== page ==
The author points out that their boldness was seen in their willingness to speak--

even in the face of threats and physical danger--

and to proclaim that new and abundant life was possible through Jesus Christ.

And yet, that's not really the most surprising part of the transformation.

Rather, according to the author of Acts...

it's the nature of their communal life that was most remarkable.

Their experience of the risen Christ shaped their communal life--

not just in their gathering together for worship...

for prayer...

for celebrating the Lord's Supper...

and for studying the scriptures.

None of that was particularly significant.

Rather more remarkable was the author's claim that they performed many signs and wonders--

and that people were healed through their ministry.

Symbolically, he was claiming that they were continuing the ministry of Jesus.

But, even more remarkably--

and as counter-cultural then as it would be today--

he claims that there was not a needy person within the faith community...

because they shared what they had so that no one went without.

Their experience of the risen Christ produced an extraordinary transformation in their attitudes...

their attachments...

and their allegiances:

they treated as family those who were not family;

they made Christ known in the way that they spoke and lived and acted--

becoming a channel of God's healing, liberating love;

they dared to proclaim that God's love was at work in the world through them;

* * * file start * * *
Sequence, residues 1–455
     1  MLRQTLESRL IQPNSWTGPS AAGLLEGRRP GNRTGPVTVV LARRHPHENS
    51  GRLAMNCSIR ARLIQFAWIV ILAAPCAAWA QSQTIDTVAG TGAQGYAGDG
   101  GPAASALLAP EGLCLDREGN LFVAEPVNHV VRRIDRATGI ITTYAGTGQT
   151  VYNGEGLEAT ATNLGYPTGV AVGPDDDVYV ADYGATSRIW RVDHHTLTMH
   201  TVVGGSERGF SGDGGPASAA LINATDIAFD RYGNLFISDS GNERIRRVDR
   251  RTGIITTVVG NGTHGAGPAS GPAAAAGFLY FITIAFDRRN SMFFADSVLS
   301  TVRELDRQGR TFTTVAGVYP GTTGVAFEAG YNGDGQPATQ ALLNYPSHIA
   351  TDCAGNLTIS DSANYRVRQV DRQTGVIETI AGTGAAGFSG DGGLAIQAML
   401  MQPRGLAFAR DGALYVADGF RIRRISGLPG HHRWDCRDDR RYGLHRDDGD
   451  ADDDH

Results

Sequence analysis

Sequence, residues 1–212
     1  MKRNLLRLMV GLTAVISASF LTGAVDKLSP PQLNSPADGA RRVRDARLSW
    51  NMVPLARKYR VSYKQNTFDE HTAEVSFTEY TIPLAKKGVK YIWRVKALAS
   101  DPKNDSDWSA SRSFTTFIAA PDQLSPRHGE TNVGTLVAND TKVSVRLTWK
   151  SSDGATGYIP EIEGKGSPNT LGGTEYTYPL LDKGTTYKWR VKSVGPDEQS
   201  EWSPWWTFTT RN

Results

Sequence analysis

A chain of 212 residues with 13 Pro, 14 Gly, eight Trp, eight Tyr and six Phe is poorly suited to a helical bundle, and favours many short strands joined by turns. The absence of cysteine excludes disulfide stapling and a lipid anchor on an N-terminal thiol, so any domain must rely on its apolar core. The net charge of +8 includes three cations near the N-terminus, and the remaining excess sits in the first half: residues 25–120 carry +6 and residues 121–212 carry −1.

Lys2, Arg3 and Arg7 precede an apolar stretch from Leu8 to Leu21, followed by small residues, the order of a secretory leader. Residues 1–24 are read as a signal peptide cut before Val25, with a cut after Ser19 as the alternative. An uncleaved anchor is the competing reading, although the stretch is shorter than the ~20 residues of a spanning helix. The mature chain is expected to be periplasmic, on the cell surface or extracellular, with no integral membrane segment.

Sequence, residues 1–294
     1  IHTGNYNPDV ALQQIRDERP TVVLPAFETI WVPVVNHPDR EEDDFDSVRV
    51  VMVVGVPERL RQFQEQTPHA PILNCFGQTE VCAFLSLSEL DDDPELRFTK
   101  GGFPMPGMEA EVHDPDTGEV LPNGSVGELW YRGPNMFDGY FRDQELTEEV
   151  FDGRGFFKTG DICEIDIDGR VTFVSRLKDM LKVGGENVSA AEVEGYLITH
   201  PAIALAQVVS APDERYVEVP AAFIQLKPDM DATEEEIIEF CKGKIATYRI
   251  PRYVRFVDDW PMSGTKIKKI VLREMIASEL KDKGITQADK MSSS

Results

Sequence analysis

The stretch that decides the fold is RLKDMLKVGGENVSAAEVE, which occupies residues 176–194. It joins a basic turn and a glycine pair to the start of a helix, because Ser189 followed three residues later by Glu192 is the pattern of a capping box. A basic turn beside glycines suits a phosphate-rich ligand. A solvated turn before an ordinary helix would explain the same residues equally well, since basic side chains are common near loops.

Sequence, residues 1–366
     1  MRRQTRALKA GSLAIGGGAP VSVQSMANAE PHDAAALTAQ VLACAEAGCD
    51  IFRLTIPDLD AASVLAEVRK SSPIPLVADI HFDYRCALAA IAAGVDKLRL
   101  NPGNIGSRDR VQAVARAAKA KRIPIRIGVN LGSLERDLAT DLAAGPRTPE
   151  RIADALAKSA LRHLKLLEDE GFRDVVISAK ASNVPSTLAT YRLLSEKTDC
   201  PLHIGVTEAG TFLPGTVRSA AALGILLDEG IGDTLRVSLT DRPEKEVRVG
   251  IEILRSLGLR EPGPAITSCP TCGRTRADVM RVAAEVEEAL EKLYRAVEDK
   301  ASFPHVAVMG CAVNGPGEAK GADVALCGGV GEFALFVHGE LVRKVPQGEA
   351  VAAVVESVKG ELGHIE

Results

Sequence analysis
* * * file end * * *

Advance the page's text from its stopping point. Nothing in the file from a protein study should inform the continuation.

they were willing to suffer in doing what was right...

standing up to the authorities and defying the powers-that-be...

when their policies hindered the liberating work of God in the world--

even though the authorities and powers-that-be expected religion to be quiet... 

and to maintain the status quo.

According to the author of Acts, the resurrection totally transformed the first Christians.

Or, to put it another way, their transformed communal life was a testimony to their experience of resurrection.

In other words...

experiencing the presence of the risen Christ ought to be transformative...

energising his followers to continue the work that Jesus began:

fighting for justice...

healing the sick...

feeding the hungry...

providing for the needy...

making the broken whole...

lifting up the downtrodden...

welcoming the outcast...

speaking out for those unable to speak...

denouncing policies and practices that marginalise and dehumanise...

and being willing to put themselves on the line.

Those are the fruits--

or the characteristics--

of a community that has experienced resurrection.


According to the author of Acts...

resurrection is not a doctrine that needs to be defended; 

nor is it one that needs to be ascribed to or creedally affirmed.

It's certainly not a personal commodity;

nor is it primarily concerned with an individualised, spiritualised salvation.

Resurrection is an experience that is to be lived--

and it is an experience to be lived communally and corporately.

Perhaps the theologian, Peter Rollins puts it best:

"Without equivocation or hesitation, I fully and completely admit that I deny the resurrection of Christ...I deny the resurrection of Christ every time I do not serve at the feet of the oppressed, every day that I turn my back on the poor; I deny the resurrection of Christ when I close my ears to the cries of the downtrodden and lend my support to an unjust and corrupt system".

To believe in the resurrection of Christ--

to experience and to know the resurrected Christ--

means being a community shaped by the resurrection of Christ.

It means being a community that lives resurrection.

It means being a community that is Christ for the world.